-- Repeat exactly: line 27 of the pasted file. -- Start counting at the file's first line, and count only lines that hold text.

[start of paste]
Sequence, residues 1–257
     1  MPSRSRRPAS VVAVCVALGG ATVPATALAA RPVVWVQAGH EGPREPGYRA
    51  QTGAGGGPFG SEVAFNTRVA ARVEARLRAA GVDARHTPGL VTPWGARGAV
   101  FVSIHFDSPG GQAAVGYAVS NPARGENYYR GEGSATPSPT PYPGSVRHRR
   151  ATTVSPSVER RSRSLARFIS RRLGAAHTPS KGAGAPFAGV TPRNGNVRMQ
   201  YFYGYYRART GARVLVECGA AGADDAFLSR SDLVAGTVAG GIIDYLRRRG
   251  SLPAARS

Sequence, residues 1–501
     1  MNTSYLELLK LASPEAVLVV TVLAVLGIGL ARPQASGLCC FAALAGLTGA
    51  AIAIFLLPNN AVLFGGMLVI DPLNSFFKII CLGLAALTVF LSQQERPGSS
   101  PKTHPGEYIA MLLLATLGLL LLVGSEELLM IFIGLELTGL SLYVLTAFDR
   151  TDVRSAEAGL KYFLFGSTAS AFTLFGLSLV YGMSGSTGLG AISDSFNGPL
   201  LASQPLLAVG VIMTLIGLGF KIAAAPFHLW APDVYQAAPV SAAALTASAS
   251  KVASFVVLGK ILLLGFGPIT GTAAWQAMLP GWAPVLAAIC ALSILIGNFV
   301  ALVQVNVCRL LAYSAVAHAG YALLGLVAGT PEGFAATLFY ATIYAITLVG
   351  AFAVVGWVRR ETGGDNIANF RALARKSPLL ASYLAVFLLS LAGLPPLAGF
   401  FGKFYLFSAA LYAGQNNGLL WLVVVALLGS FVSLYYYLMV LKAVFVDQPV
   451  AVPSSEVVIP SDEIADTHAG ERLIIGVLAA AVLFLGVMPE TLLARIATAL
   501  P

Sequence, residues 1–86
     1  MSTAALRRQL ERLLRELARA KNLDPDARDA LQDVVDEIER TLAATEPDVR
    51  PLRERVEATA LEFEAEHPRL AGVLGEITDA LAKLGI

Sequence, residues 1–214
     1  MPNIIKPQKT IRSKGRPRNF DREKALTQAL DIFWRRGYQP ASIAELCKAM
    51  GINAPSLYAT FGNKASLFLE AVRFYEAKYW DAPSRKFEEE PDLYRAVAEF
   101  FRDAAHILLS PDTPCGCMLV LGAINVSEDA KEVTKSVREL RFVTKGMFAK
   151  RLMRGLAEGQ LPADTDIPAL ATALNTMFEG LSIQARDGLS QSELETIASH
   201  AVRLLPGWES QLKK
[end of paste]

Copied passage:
   151  RLMRGLAEGQ LPADTDIPAL ATALNTMFEG LSIQARDGLS QSELETIASH